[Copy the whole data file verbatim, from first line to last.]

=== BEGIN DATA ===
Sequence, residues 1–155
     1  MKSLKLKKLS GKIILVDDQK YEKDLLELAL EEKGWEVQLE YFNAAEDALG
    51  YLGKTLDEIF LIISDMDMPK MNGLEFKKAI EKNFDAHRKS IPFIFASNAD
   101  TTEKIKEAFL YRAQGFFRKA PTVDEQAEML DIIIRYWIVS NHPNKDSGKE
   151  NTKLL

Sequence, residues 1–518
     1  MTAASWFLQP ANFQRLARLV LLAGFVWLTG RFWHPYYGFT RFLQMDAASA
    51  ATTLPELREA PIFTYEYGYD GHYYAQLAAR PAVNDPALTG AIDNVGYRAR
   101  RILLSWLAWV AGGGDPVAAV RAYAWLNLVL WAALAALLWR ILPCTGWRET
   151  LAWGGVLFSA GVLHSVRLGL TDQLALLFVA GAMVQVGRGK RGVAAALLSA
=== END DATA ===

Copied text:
Sequence, residues 1–155
     1  MKSLKLKKLS GKIILVDDQK YEKDLLELAL EEKGWEVQLE YFNAAEDALG
    51  YLGKTLDEIF LIISDMDMPK MNGLEFKKAI EKNFDAHRKS IPFIFASNAD
   101  TTEKIKEAFL YRAQGFFRKA PTVDEQAEML DIIIRYWIVS NHPNKDSGKE
   151  NTKLL

Sequence, residues 1–518
     1  MTAASWFLQP ANFQRLARLV LLAGFVWLTG RFWHPYYGFT RFLQMDAASA
    51  ATTLPELREA PIFTYEYGYD GHYYAQLAAR PAVNDPALTG AIDNVGYRAR
   101  RILLSWLAWV AGGGDPVAAV RAYAWLNLVL WAALAALLWR ILPCTGWRET
   151  LAWGGVLFSA GVLHSVRLGL TDQLALLFVA GAMVQVGRGK RGVAAALLSA